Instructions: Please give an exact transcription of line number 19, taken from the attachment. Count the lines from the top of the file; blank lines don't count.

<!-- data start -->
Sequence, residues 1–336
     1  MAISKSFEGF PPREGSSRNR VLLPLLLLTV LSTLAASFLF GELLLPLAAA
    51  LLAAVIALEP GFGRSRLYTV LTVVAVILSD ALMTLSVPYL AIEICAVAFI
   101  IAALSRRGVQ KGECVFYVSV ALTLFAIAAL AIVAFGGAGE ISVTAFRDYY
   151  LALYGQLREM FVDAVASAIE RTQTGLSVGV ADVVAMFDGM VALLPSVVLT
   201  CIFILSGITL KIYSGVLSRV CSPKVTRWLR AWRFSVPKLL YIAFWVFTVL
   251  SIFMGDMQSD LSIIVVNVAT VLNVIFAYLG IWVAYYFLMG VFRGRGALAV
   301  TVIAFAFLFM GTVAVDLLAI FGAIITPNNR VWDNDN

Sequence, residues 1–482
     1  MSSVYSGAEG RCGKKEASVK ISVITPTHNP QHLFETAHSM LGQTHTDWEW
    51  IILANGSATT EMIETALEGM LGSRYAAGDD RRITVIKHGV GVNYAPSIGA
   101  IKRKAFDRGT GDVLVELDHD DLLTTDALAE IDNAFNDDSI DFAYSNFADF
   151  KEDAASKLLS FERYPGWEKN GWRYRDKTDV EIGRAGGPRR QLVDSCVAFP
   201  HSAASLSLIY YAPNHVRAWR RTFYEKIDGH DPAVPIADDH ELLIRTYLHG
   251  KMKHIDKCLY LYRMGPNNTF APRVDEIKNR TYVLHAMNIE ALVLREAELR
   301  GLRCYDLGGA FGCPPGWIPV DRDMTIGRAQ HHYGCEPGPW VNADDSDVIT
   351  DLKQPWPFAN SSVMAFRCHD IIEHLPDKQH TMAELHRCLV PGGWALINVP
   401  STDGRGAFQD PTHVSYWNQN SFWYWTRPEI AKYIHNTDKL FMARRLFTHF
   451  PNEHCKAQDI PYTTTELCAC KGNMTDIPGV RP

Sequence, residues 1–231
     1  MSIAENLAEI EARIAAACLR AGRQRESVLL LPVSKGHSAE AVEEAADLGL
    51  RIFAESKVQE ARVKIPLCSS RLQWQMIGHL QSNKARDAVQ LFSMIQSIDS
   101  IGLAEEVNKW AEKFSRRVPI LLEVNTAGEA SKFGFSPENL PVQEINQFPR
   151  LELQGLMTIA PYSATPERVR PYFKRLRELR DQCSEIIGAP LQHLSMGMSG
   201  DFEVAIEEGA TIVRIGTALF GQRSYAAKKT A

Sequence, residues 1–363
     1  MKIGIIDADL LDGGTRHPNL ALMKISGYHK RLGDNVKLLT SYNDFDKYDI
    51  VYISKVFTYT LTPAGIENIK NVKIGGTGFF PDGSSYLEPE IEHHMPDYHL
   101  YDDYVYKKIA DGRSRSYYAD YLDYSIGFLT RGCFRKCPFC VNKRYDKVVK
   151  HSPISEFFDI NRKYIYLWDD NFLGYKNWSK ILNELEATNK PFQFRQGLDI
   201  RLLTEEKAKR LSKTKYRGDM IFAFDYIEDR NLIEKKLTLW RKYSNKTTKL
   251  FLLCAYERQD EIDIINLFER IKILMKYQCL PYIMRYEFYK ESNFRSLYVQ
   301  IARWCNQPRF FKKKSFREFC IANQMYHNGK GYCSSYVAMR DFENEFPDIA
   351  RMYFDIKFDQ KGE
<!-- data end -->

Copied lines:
   451  PNEHCKAQDI PYTTTELCAC KGNMTDIPGV RP